Stewart Brand — '60s whole-earth philosopher, '80s new-media chronicler, '90s new-economy consultant — is stirring his coffee with a hunting knife, telling us that we ought to slow down. He's dressed comfortably, in jeans and a rough-hewn burnt-orange shirt, and he's talking about his current obsession — time, speed, the ever-accelerating pace of life — while sitting next to a prototype of what promises to be the world's strangest clock. (That timepiece, called the Clock of the Long Now, will tick once a year, gong once a century, and cuckoo once a millennium.) Brand, 62, is moving at his own sweet pace, pausing to think for 10 or 20 seconds before he answers each of my questions.
When did it first occur to you that we might be moving too fast for our own good?
(Long, long pause.)
Lately, Brand has been mulling over the rewards and the perils of "Internet time." That's a slogan, to be sure, but it's something real too — something technological, something physiological, something personal. Money moves around the world at the speed of light. Product cycles are measured in months, rather than in years. People find it unremarkable to spend time on three different continents in the space of a week. And in-the-trenches Web workers feel like God's new chosen people. But Brand is worried. One thing that worries him is Moore's Law. Early doublings of computing power (and hence of speed) were manageable, he says. But the doublings of speed and power that are under way now could cause the whole Web fun house to come crashing down. "The Internet is a runaway plague," says Brand. "It's a self-accelerating system that makes itself go faster and faster and faster and faster. And if it's not framed properly, it will overleap itself, as Shakespeare would say."
Hence his "infrequently asked question": Can we make the world safe for Internet time?
Brand's 30-year history of intellectual achievement includes launching the legendary Whole Earth Catalog and cofounding the influential Global Business Network. But right now, he's just eyeing his clock and palming his knife. He looks simultaneously terrified and thrilled. "If the AIDS virus had been airborne, it would have been a runaway plague. Well, the Internet virus is airborne — and it's running away. Engineers say that a tenfold quantitative change is a qualitative change. Well, through Moore's Law alone, we're getting three of those revolutions every decade now. That rate of change is tremendously exciting and rewarding, especially to the young, but if we don't take the long view, the fallout could be pretty intense."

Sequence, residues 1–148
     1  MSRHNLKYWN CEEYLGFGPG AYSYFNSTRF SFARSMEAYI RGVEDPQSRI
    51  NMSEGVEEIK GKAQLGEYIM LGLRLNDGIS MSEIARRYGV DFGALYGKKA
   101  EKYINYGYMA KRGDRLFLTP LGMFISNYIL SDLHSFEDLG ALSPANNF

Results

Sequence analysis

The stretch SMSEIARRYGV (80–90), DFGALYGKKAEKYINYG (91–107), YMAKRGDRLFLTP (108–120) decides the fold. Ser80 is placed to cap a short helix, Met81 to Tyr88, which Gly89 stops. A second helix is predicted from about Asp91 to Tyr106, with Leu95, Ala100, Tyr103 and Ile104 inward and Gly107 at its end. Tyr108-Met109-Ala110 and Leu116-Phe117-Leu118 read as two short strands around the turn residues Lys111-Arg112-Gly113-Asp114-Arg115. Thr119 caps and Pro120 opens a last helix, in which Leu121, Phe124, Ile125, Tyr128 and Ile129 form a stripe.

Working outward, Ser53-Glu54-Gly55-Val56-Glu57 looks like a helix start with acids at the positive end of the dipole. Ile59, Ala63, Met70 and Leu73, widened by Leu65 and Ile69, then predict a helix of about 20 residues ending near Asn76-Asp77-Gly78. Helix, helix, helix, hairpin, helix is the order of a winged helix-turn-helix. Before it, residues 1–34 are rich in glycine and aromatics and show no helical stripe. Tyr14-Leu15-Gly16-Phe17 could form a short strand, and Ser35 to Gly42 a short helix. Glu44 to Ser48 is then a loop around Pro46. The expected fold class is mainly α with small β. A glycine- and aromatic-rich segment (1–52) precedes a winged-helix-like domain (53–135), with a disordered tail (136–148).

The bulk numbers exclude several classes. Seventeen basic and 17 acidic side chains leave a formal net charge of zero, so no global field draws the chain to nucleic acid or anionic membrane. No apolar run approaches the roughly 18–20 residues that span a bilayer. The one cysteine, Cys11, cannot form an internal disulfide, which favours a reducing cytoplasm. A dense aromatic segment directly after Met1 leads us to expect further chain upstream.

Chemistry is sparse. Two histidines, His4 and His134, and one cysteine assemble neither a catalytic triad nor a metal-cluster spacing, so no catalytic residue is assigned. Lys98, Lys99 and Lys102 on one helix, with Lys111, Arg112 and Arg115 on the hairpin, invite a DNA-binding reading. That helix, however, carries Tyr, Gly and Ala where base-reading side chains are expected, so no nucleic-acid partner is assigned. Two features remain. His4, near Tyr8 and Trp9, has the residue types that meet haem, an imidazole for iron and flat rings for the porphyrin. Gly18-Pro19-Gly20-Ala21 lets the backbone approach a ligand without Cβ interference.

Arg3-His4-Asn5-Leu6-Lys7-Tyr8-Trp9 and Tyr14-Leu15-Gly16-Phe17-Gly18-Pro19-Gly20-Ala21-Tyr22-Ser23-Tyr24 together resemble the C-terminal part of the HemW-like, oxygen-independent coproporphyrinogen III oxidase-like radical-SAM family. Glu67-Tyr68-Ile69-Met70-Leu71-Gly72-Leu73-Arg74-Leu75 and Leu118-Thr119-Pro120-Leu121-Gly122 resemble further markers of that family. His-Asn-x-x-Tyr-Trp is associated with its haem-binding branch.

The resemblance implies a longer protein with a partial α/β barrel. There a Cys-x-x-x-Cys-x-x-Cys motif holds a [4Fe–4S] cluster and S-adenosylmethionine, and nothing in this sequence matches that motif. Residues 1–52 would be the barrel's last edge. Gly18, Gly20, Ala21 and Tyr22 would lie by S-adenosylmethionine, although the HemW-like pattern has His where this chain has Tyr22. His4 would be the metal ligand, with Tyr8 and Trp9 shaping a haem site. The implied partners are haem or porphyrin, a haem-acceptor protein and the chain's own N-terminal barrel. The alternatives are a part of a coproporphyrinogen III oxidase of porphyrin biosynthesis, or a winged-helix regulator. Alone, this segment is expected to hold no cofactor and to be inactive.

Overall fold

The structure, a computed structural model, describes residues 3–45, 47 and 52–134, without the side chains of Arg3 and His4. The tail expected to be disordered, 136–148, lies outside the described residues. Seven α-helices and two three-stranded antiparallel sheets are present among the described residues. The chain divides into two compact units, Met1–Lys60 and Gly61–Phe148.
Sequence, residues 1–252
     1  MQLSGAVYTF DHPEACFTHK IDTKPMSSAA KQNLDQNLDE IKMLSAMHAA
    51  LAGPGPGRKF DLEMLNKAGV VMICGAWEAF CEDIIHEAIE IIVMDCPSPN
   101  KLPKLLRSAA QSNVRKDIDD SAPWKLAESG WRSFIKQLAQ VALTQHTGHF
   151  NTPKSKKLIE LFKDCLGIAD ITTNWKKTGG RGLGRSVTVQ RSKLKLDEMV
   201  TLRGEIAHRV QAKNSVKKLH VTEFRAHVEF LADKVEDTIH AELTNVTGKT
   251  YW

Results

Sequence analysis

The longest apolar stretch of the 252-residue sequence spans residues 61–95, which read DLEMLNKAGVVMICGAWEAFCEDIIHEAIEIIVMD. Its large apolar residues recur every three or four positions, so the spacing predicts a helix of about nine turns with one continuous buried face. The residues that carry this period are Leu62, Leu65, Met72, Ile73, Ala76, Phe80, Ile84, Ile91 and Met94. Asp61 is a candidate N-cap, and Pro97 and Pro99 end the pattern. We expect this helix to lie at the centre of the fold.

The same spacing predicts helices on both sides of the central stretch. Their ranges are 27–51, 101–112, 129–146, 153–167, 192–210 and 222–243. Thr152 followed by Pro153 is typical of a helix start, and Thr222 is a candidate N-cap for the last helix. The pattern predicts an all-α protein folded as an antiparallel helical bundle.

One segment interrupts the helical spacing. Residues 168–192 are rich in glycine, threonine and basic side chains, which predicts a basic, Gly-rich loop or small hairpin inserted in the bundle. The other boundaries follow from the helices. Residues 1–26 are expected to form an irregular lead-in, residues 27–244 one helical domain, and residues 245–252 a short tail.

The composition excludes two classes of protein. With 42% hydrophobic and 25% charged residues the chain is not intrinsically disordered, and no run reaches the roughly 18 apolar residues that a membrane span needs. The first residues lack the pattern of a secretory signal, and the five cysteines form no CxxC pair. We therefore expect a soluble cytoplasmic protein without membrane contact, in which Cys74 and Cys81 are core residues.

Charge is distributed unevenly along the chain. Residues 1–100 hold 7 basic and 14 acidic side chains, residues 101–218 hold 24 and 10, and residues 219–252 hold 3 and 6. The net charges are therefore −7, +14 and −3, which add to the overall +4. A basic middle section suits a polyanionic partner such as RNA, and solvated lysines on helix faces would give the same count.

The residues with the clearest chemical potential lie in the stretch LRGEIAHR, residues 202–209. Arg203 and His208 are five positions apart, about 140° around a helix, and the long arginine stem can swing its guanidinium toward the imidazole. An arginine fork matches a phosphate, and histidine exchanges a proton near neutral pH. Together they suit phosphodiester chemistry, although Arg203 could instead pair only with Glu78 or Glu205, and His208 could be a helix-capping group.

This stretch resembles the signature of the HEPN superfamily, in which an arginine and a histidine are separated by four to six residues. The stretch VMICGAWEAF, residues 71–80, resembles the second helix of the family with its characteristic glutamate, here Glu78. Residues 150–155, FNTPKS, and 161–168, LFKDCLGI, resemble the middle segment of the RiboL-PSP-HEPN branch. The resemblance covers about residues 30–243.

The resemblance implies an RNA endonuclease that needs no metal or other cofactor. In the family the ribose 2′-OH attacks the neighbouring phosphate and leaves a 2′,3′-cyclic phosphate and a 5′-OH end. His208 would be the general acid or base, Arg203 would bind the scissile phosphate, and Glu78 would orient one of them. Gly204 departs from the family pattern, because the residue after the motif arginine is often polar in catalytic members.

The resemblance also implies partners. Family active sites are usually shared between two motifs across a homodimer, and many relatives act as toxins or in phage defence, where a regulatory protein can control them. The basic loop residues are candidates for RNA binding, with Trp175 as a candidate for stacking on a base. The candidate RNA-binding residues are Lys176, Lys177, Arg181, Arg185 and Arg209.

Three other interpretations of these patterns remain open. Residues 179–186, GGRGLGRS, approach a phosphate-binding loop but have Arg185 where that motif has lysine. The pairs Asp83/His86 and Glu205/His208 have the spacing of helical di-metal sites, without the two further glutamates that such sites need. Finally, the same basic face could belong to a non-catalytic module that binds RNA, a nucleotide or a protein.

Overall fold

Ever an optimist, Brand isn't troubled with Woody Allen-esque anxiety about the effects of relentless acceleration on the human psyche. He saves his worrying for global issues: for the natural environment in particular and for the cultural infrastructure in general; for ecosystems, for languages, for the bedrock institutions of civilization — for luxuries that most of us mistakenly believe we no longer have time for.
To illustrate, Brand pulls out a diagram consisting of concentric circles. (Picture a sketch of the earth's crust along with various interior layers.) The two outer layers are labeled "fashion" and "commerce"; the two inner ones are labeled "nature" and "culture." He calls his diagram "a pace-layering cross section of a healthy civilization." Spinning it around for me, Brand explains how the outer, ephemeral layers move very rapidly, while the inner, bedrock layers move very slowly but very powerfully.
Just then, in walks Brewster Kahle, Brand's longtime friend and current landlord, a man who made a fortune as a high-tech entrepreneur. (He sold his company, Alexa Internet Corp., to Amazon.com in June 1999.) Kahle is now hard at work on the Internet Archive, a project that is designed to save the Web from its own amnesia and to bolster its usefulness over time.
"Hey, Brewster, come on in!" Brand shouts.